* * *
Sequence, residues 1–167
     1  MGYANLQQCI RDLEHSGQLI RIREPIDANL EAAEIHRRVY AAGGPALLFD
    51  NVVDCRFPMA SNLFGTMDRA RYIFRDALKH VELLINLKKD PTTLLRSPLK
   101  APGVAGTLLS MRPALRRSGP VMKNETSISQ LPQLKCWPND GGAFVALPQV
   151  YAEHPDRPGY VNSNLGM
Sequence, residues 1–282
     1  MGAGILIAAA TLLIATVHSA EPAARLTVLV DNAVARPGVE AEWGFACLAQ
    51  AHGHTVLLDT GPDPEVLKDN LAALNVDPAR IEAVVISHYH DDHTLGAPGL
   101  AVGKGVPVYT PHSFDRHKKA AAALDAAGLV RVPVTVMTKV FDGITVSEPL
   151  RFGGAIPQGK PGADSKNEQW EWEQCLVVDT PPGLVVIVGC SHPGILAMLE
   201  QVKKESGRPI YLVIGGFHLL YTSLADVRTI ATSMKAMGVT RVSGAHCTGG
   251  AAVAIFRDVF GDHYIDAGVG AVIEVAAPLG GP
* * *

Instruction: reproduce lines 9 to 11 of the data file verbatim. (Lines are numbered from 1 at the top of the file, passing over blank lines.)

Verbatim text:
   101  AVGKGVPVYT PHSFDRHKKA AAALDAAGLV RVPVTVMTKV FDGITVSEPL
   151  RFGGAIPQGK PGADSKNEQW EWEQCLVVDT PPGLVVIVGC SHPGILAMLE
   201  QVKKESGRPI YLVIGGFHLL YTSLADVRTI ATSMKAMGVT RVSGAHCTGG